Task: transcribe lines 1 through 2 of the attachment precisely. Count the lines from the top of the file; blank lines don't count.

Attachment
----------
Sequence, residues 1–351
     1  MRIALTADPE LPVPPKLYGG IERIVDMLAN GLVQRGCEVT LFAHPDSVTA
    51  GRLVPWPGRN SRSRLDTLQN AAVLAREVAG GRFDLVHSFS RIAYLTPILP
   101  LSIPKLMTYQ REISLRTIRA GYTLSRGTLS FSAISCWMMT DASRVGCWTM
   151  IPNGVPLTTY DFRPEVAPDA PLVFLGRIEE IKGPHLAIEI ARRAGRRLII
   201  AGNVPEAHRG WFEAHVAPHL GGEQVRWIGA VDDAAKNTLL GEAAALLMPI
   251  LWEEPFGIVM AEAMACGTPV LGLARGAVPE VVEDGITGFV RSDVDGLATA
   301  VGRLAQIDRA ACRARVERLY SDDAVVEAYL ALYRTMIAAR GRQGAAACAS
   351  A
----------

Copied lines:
Sequence, residues 1–351
     1  MRIALTADPE LPVPPKLYGG IERIVDMLAN GLVQRGCEVT LFAHPDSVTA